Rector (apparently an extremely desirable man) is theoretically pursued and wooed and spurns them all except for favouring the occasional woman with strictly one night stands only.  This includes with his assistant from his antiques store, who he treats with either contempt or courtesy, apparently depending on his whims.

The plot revolves around identifying the woman who will marry and support to power a future US President.  Someone has been trying to figure out who this woman will be - and kill her.

Women in the game do not come off well.  They are either jealous, there to support men to power, vapid, sex-hungry, or sex-starved.  [The only exceptions to this is a brief telephone conversation with a female senator, and two 'tough' Muslim women.]  There's even a plot point apparently revolving around how women shouldn't expect fidelity from their husbands.  Men are the people who do stuff in this story, and women are there to support them or present obstacles.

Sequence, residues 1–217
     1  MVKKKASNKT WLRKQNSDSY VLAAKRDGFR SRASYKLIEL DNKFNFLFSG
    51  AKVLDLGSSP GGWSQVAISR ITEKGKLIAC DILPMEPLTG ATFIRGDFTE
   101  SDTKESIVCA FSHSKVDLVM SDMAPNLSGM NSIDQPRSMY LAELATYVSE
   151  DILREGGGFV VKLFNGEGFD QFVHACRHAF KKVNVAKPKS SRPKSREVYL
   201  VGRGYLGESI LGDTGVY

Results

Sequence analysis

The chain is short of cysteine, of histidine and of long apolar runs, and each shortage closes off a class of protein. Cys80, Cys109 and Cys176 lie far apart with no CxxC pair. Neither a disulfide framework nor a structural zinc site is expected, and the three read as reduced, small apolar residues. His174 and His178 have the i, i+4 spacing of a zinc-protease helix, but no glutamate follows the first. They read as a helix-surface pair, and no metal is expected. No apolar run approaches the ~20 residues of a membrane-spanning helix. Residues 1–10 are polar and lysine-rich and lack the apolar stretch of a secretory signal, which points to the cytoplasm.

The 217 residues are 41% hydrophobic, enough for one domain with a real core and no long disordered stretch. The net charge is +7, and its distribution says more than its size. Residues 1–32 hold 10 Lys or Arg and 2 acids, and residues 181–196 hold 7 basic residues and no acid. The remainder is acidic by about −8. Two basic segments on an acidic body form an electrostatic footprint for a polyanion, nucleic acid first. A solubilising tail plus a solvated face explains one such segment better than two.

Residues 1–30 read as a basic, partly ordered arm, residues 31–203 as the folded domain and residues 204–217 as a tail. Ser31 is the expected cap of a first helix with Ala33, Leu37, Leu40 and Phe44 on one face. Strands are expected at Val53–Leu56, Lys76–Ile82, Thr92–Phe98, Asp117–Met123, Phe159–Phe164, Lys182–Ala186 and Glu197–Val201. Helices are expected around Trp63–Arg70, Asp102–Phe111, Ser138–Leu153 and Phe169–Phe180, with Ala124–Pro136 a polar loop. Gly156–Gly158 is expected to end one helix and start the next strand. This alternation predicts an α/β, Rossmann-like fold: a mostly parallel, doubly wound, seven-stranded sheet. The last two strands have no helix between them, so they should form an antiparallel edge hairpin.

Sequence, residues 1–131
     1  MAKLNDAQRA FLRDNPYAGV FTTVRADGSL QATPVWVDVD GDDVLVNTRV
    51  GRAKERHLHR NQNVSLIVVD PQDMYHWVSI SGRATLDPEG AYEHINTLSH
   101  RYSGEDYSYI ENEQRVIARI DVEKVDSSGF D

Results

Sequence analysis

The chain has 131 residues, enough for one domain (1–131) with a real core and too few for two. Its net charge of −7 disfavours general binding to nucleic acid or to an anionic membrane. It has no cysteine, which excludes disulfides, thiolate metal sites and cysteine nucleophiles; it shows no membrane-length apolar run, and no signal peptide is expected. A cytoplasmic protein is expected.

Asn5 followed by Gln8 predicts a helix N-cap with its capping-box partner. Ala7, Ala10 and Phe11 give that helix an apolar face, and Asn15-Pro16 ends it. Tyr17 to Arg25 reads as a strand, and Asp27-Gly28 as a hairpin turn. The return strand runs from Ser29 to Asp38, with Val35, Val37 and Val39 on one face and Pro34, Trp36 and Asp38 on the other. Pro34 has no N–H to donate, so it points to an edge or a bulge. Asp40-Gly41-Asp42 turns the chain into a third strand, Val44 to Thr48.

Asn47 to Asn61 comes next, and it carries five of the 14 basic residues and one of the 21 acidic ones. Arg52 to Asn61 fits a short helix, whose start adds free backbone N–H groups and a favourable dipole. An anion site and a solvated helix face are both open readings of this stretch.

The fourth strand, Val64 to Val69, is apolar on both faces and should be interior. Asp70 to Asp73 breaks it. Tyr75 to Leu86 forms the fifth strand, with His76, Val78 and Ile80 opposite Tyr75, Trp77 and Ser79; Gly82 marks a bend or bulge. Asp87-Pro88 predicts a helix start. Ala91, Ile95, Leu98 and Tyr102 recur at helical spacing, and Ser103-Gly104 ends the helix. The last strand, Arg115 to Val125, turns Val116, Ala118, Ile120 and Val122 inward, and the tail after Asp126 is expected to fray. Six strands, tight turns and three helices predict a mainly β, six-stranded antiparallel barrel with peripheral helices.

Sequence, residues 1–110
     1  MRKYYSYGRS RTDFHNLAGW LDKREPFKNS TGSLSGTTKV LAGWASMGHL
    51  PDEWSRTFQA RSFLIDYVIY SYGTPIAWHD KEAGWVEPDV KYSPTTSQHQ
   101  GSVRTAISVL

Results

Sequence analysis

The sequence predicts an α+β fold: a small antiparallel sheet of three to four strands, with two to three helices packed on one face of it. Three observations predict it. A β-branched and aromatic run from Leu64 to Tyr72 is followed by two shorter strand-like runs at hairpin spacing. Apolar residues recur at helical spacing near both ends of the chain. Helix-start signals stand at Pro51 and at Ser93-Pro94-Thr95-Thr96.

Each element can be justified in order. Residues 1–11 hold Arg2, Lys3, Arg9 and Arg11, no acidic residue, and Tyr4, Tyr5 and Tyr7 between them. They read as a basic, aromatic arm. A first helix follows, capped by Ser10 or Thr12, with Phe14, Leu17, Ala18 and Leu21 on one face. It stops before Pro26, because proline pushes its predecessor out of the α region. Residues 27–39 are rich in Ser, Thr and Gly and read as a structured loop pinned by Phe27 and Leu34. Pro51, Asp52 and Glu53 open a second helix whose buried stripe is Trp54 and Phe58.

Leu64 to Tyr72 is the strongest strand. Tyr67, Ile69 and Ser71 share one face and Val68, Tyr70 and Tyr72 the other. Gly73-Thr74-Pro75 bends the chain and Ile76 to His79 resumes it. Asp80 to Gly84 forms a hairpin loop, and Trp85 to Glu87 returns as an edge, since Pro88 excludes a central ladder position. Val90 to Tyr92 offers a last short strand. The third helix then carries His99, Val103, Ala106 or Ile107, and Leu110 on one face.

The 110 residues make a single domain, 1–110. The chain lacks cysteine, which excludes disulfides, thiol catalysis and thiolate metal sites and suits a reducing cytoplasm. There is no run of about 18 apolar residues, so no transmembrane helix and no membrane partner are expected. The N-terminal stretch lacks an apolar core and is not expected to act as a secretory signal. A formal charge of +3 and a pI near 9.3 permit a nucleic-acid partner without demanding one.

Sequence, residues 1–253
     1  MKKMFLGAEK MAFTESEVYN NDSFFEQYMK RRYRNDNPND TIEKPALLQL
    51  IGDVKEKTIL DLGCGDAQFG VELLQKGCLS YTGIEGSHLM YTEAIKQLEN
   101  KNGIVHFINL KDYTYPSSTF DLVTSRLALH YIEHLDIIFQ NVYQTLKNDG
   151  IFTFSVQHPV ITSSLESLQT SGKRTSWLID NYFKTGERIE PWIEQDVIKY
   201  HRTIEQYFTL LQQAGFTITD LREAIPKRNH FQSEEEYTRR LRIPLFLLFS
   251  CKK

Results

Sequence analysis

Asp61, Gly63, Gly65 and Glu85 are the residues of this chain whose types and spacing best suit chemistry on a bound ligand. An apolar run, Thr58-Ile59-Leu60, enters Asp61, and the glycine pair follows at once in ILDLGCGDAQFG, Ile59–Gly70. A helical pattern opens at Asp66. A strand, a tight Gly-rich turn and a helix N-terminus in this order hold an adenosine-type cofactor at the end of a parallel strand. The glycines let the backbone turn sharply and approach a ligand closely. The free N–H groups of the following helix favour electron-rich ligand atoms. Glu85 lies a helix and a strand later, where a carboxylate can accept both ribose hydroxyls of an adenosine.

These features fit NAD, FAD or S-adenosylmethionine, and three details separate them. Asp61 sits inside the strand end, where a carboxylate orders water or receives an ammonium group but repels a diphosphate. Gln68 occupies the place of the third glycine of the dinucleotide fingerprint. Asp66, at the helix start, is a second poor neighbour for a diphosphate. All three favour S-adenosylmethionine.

This is all a bit of a downer in comparison to the Gabriel Knight series, where we had Grace Nakimura, ever-ready to call Gabriel on his shit, and to get stuff done.

If it wasn't for all the negativity toward women, I'd call this a reasonable game, if nothing spectacular.  But, funny as his snark could occasionally be, Malachi Rector was simply too off-putting for me to want to take another outing in this world.

29 March 2014

Final Fantasy XIII : Lightning Returns (lots of spoilers for FFXIII series)

To those unfamiliar, Final Fantasy is a series of games linked generally by concepts, monster types and combat systems, but with each iteration featuring different characters and often very different worlds.  They tend to be very long games (100+ hours of gameplay) and involve a lot of running around vast maps, working through various beautifully animated cut scenes between randomly encountering monsters and levelling up enough to face the final, epic, multi-stage battle with a god or near-god.

The stories (primarily focused on spiky haired brash young guys carrying oversized swords) are usually both convoluted and quite emotional.  Happily for me, the rapidly-increasing collection of characters you can include in your combat party generally includes at least one female character who interests me.